So, since we’re supposed to post about our final project I’m going to try to do this and have it make as much sense as possible. What I plan to do is study the Americanization process of Eastern European Jews who immigrated to the United States and the subsequent generations. My great grandmother emigrated from Russia with her family as a young girl and using her story and that of my grandmother (her daughter), mother and me, I’ll look at the changes from generation to generation in their connections to Russia, Judaism, Israel, Baltimore (where they settled), the outside world (generally speaking, non-Pikesville-Jews) and each other.
I haven’t written a script yet, or done a huge amount of actual research. Mostly what I have is the stories I’ve heard about 50 times each, so I’m going to have to actually sit down with my mother and grandmother and record the stories so that I can come up with a cohesive storyline. The general story-arc though will be that many things changed from generation to generation, but there are a few things that have remained the same. Lena Feldman Gold (my greatgrandmother) emigrated to the US as a girl, so she was truly a Russian Jew who was trying to make her way in the US.
My grandmother, Maxine Gold Rosenthal, was born in the US, grew up in a Jewish neighborhood and kind of had to balance being the child of an immigrant (with a grandmother who never spoke a word of English), a Jew and an American (she grew up during the Depression and World War II–which fostered a lot of patriotism).
My mother was kind of the wild child. She grew up in the Jewish neighborhood, but never really fit in. She (in her own words) had “issues” with the hebrew language–so while all her friends were having their Bat Mitzvah ceremonies (coming of age) by being called up to read the Torah (the Hebrew bible) she had to have hers at an Orthodox synagogue since they didn’t allow girls to actually read from the Torah. Pretty much as soon as she got the chance she left behind the Jewish neighborhood and married a convert (which, in some circles is as bad as marrying a non-Jew).
I (third generation American) was raised in a non-Jewish neighborhood, had very few Jewish friends but ended up feeling more connected to Judaism than my mother. I was the first to have a modern Bat Mitzvah where I actually read the Torah (they just didn’t happen when my grandmother and great-grandmother were girls) and while my mother never visited Israel, I went as soon as I got the opportunity (at age 18).
In addition to the differences, there were some similarities, including items passed down from generation to generation–including a candlestick that my great-great grandmother brought from Russia, gave to Lena, who gave it to Maxine, who gave it to me at 18 (since mother didn’t really want it). Also, I’ll briefly discuss Camp Louise and Camp Airy–two summer camps in Western Maryland that were created as summer retreats in the 1920s for Jews living in Baltimore to escape the city for a bit and were later converted to summer camps for Jewish children. My grandmother worked at Camp Airy (as did her sister-in-law), my mother attended Camp Louise before working there as a counselor and met my father there while he worked at Airy, and finally my brother and I both attended camp there, as did several cousins.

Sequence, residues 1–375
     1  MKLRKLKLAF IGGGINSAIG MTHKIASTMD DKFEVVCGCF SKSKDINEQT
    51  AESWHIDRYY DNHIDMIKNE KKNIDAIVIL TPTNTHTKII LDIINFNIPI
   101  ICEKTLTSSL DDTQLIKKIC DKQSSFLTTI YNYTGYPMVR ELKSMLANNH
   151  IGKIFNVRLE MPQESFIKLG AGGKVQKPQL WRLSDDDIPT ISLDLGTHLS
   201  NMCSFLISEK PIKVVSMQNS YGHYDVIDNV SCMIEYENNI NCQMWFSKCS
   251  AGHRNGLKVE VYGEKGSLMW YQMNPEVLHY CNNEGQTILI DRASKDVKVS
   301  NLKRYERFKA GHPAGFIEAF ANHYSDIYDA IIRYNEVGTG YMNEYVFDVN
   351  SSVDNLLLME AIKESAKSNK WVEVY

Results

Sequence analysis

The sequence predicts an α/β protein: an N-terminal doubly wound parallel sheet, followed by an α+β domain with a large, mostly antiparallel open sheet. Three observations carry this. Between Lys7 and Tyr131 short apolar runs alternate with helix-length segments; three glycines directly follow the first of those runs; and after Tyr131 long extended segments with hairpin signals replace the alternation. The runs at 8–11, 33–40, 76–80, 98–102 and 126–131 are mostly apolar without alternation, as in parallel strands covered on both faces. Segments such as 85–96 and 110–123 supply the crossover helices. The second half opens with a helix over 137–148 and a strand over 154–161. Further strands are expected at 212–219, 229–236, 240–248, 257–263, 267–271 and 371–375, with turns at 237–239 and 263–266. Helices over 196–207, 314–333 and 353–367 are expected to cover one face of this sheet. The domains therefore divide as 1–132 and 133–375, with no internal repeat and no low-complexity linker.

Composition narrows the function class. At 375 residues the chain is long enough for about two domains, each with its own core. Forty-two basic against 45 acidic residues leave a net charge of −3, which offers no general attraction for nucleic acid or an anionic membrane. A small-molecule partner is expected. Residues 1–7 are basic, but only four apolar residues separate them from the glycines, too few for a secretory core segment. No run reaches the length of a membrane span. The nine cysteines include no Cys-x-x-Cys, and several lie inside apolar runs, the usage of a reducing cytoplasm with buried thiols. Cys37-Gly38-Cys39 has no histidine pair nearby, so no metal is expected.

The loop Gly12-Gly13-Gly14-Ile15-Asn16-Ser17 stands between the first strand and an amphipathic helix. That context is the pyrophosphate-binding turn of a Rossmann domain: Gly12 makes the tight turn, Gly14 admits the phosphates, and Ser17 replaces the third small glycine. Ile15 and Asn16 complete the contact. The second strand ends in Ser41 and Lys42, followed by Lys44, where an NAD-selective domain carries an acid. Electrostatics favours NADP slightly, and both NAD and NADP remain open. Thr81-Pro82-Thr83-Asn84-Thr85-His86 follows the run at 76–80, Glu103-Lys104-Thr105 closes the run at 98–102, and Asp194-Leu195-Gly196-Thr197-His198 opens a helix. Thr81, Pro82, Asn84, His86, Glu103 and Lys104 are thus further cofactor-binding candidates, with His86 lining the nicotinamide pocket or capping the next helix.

As for order, I’ll start with a quick description of why a lot of Jews left Eastern Europe around the last turn of the century, go into the americanization process, and finish with a brief round-up of how this can compare to other immigrant groups.
Since this video will really just be for class and a private audience, I’m not so concerned about copyright issues. As such, I plan to use at least four different songs. For each time period (immigration, first generation, second generation, third generation) I’ll use music that will come from each time period for flavor. In addition, I hope to use a clip from Liberty Heights. This was a movie done in 1999 about the Jewish neighborhood of that name (where my grandmother grew up) in Baltimore during the 1950s. I haven’t seen it in years, but I have it and hopefully I’ll find a decent clip that will just highlight how people in the neighborhood behaved and thought.
I also hope to include interviews. It’ll take some juggling and luck, but I think I might be able to pull it off. We don’t have a digital video camera, so I’d have to rent one from STAR but, of course, my grandmother lives about an hour and a half away so the 6 hour time limit isn’t going to work, and my parents (who live a half hour from campus) can’t actually do it during the week. According to their site, if you check equipment out after 3 on Friday you can have it till Monday morning (which is where the luck comes in), so we’ll see.
So that’s probably a lot longer than it needs to be and is probably really confusing, so if you have any questions, feel free to ask. I also welcome suggestions, of course. I have tons more stories and all but it’s a matter of choosing which to include and which to leave out. Now, I’m going to go and try to come up witha script for next week.